In a two-pronged move to address the crippling shortage of 155 mm artillery guns of the Army, the Ministry of Defence today approved the first such gun purchase in 30 years and also set a timeframe for a second line of locally produced artillery guns.It was in 1986 that India had last ordered a 155 mm artillery gun when 410 pieces of the FH-77B were procured from Swedish company Bofors for Rs 1,500 crore.Today, the Defence Acquisition Council (DAC) headed by Defence Minister Manohar Parrikar okayed the purchase of 145 M777 ultra light howitzers (ULH). The DAC agreed to send the letter of acceptance (LOA) to BAE Systems for the supply of guns through the foreign military sales routes offered by the US.India had time till August 5 to agree and send an LOA. A cost negotiation committee agreed on Rs 5,100 crore for the 145 guns.BAE Systems will assemble, integrate and test the guns at a facility created with Indian company Mahindra.  This will be the main ground-based weapon for the Mountain Strike Corps to be stationed all along the Himalayas.BAE will supply the first 25 guns in ready-to-use condition. It has been asked to start deliveries within six months of signing the contract. The purchase of the ULH was originally proposed in 2008. Made of titanium, each gun weighs 4,000 kg, making it transportable by CH-47 Chinook helicopters, C-17 Globemaster and the C-130 Hercules aircraft or on trucks.

Dhanush timeline

  • The Defence Acquisition Council (DAC) also reviewed the progress of the indigenous 155 mm artillery gun, Dhanush, modelled on the transfer of technology from Bofors. The final trials of a production-level prototype start at the end of this month. This is supposed to be the last lap of trials before the Ordnance Factory Board (OFB) starts bulk production
  • OFB, that comes under the Ministry of Defence, has been set a stiff delivery schedule. The first 18 guns will be delivered in 18 months. Another 36 are slated for delivery over 12 months thereafter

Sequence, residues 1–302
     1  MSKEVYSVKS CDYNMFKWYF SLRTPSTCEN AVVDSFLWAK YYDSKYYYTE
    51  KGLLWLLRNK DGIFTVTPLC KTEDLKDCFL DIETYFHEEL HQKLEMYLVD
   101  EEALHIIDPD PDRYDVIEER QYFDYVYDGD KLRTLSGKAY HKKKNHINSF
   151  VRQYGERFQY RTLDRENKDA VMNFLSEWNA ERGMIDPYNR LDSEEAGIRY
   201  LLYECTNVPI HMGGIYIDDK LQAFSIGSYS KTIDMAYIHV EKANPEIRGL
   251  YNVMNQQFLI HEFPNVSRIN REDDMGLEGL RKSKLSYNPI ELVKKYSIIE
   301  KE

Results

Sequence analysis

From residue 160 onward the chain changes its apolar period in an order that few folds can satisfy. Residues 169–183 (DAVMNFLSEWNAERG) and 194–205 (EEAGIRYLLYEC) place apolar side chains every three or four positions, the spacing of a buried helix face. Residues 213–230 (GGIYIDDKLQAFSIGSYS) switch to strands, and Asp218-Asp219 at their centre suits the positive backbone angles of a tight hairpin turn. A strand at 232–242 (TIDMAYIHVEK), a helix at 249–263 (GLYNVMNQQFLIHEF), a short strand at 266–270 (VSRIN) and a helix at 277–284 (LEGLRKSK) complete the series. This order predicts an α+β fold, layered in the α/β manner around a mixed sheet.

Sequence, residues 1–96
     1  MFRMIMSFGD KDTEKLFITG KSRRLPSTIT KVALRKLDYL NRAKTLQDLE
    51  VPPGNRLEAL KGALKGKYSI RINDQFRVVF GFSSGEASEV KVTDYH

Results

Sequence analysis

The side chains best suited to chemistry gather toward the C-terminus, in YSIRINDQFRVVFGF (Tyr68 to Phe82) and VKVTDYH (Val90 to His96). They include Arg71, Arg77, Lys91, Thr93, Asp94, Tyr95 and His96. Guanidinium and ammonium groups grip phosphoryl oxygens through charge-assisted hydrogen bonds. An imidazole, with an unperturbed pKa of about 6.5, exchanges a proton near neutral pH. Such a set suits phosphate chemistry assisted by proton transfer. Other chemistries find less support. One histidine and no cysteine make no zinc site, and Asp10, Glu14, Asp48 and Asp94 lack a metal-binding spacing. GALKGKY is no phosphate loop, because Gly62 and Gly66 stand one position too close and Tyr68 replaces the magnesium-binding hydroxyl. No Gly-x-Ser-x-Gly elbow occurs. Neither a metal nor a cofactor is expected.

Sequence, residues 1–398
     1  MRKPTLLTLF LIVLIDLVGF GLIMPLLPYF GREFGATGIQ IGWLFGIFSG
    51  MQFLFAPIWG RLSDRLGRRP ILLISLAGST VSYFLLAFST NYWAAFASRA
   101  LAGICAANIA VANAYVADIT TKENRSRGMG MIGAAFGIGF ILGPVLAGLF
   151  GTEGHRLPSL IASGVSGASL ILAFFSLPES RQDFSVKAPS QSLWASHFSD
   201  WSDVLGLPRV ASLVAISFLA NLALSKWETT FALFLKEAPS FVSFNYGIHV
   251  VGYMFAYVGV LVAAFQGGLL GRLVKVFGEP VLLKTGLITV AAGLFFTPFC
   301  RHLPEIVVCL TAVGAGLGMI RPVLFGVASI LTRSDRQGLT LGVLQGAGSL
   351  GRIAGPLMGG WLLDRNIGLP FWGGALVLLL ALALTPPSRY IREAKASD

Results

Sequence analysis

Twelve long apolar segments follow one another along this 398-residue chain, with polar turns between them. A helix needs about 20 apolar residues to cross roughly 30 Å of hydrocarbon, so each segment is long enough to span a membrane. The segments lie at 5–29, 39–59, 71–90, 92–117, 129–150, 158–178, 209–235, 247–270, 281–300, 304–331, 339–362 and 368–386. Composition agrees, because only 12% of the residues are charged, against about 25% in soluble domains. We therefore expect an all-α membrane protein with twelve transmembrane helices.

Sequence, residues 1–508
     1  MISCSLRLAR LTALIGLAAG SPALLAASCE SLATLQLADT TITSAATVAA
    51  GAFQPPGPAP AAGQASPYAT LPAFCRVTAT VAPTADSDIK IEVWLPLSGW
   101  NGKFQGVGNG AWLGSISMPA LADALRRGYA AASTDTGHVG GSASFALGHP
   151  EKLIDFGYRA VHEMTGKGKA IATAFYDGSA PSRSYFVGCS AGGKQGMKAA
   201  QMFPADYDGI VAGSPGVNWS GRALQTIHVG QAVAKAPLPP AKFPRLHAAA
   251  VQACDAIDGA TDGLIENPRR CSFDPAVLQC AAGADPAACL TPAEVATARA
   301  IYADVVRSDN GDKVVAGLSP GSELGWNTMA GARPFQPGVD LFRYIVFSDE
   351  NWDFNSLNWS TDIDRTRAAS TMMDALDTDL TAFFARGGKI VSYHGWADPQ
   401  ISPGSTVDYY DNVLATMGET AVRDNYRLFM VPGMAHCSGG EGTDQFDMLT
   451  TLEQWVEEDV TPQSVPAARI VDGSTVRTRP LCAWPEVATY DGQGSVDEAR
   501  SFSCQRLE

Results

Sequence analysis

• The DAC also approved the case of the six next generation missile carrying vessels that will replace the 1980s design Soviet-era warships. It will cost Rs 13,600 crore

Integrated complex for veterans comes up at Western Command

Tribune News Service

Chandigarh, June 24

Lt Gen KJ Singh, GOC-in-Chief, Western Command, Chandimandir today dedicated the Integrated Veterans Complex to the ex-servicemen of triservices settled in the tricity.The complex will provide a range of care and support services, as also a single point of contact for grievance redressal to veterans, widows and their wards.Integrated Veterans Complex comprises of Army Placement Node, Directorate Regional Centre Ex-servicemen Contributory Health Scheme (ECHS), Veterans Sahayata Regional Centre, Directorate of Resettlement Western Zone, Station ECHS Cell, e-lobby and Canteen Stores Department, thereby bringing all essential services under one roof which otherwise were located at various places in Chandimandir.On the occasion, Lt Gen KJ Singh stressed on the need to strengthen the institutional framework for veterans’ care and promised all support to them.The inauguration of the complex was undertaken by a veteran, Naik Saroop Singh (retd), who is 105 years old and settled in Kalka. Hon Sub Maj TD Piplani, a nonagenarian, inaugurated a multi-banking complex.